Parameterizing neural habituation in autism with sensory overresponsivity

  • Awarded: 2015
  • Award Type: Pilot
  • Award #: 345389

Between 55 and 70 percent of children with autism spectrum disorders (ASDs) experience sensory over-responsivity (SOR), a severe and negative response to, or avoidance of, sensory stimuli such as noisy environments, unexpected loud noises, scratchy clothing or being touched. Children with ASD and SOR have more anxiety, greater functional impairment and poorer social outcomes than those without it. Because SOR has only recently been considered in the diagnostic criteria for ASD, it has not yet been well studied and little is known about brain mechanisms of SOR or how to treat it.

Susan Bookheimer and her colleagues at the University of California, Los Angeles propose to study brain activity using functional magnetic resonance imaging (fMRI) and to assess physiological responses (including galvanic skin response and heart rate) in children with ASD with and without SOR to understand basic mechanisms that cause SOR. Bookheimer and her team will present uncomfortable sounds (white noise) and sensations (itchy fabric) to individuals in the scanner, while measuring both brain and body responses. To differentiate the underlying mechanisms of anxiety and SOR, the team will compare responses in children who have ASD only or ASD and SOR, with children who have anxiety but not ASD, and with typically developing children.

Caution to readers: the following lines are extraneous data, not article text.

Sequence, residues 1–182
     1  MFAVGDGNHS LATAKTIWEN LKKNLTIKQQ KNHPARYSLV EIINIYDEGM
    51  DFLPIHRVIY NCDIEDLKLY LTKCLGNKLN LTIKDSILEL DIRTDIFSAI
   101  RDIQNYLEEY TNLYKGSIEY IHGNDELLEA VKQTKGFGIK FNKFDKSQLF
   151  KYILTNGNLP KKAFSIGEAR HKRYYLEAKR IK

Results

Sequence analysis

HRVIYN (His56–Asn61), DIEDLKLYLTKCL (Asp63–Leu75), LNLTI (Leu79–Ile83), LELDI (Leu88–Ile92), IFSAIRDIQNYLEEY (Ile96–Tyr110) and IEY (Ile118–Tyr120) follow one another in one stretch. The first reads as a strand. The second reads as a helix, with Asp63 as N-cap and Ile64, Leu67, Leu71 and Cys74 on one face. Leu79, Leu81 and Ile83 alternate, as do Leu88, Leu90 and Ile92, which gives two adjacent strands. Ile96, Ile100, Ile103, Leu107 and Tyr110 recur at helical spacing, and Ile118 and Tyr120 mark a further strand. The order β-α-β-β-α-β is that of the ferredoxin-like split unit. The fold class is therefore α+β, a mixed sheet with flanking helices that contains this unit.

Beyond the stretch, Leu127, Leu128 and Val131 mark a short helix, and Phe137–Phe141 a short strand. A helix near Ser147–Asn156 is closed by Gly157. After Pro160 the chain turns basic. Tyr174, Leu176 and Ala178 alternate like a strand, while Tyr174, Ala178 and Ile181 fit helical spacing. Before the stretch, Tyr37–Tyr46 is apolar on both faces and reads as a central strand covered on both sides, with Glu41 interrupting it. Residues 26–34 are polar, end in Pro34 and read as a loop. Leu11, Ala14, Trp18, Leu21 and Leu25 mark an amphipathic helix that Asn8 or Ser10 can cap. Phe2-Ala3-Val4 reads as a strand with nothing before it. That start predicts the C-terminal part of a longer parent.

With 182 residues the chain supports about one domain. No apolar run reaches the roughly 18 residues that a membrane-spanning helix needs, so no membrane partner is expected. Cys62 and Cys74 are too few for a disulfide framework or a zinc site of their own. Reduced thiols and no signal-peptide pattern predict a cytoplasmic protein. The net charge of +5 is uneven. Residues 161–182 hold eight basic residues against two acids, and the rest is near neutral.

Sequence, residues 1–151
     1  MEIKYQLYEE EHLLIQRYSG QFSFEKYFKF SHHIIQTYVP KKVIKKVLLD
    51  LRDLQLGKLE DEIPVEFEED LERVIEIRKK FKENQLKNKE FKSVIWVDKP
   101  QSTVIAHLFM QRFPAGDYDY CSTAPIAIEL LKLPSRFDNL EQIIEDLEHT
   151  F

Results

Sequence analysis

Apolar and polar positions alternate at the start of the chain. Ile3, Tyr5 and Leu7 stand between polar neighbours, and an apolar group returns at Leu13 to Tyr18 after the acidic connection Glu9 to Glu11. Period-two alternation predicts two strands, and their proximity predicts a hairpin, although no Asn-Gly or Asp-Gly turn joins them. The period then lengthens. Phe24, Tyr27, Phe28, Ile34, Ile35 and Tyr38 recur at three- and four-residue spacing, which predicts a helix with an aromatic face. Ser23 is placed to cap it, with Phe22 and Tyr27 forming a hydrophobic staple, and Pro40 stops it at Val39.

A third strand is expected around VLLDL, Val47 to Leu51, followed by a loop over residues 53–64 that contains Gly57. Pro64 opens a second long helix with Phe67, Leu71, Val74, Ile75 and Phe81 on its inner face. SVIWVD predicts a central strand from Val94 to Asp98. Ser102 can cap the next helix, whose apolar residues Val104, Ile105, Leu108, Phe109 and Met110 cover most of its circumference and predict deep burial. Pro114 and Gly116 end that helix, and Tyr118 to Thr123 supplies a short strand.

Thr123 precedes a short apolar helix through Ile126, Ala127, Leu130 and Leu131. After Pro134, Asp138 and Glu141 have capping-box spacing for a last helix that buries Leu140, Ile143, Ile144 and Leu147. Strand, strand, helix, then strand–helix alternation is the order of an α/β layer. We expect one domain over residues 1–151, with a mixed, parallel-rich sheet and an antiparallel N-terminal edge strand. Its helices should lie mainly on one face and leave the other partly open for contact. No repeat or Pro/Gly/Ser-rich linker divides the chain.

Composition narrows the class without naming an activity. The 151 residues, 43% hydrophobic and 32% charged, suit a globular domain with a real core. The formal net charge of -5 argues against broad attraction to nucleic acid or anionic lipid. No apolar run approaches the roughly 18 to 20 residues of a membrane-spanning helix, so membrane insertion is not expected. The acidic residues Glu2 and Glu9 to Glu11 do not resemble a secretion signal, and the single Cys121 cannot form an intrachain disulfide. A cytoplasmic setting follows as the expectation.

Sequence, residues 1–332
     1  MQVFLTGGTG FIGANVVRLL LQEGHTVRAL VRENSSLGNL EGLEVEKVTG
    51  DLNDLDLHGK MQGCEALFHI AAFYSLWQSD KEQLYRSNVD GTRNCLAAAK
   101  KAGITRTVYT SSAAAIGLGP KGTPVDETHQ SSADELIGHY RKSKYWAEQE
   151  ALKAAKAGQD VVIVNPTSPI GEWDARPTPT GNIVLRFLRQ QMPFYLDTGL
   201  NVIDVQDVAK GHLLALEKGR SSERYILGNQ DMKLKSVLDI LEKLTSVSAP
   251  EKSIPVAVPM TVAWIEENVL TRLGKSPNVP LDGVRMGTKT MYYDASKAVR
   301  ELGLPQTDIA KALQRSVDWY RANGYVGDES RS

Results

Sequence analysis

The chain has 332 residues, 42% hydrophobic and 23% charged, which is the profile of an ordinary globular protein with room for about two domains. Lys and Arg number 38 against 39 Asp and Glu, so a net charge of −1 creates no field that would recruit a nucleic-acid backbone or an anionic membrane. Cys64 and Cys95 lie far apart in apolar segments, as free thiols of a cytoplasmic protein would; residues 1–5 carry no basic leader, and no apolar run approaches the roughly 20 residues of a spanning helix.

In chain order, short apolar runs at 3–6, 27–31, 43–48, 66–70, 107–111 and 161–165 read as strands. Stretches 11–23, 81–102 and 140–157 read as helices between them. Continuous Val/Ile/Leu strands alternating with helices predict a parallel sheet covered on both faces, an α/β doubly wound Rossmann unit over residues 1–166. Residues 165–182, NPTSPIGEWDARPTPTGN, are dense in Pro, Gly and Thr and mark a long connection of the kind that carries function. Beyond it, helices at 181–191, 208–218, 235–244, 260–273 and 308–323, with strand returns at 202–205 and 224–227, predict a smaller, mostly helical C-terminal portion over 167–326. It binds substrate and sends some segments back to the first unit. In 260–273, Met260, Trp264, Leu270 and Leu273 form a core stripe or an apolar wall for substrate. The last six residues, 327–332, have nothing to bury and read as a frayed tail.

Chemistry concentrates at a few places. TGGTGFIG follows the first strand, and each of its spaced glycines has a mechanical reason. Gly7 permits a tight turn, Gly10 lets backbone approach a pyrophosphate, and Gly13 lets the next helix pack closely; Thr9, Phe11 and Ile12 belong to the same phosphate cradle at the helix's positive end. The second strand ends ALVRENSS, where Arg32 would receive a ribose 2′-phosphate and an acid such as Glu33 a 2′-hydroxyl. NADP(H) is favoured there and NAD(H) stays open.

As most treatments for anxiety are based on exposure therapy, the team will also assess basic properties of habituating to uncomfortable sensations by observing whether repeated exposure reduces anxiety reactions in ASD, and whether this exposure will generalize to different uncomfortable sensations. Importantly, preliminary studies from this group suggest that exposure has different effects on the brain in ASD children with and without SOR. Thus it is possible that traditional therapies may be ineffective, and could possibly make children with ASD and SOR worse. Therefore, understanding the effects of exposure and generalization is critically important for developing effective interventions for ASD children with SOR. Finally, by comparing brain activity to external physiological measures that are easily obtained in community settings, the researchers aim to provide results that can be translated into the clinic to aid in the treatment of ASD.

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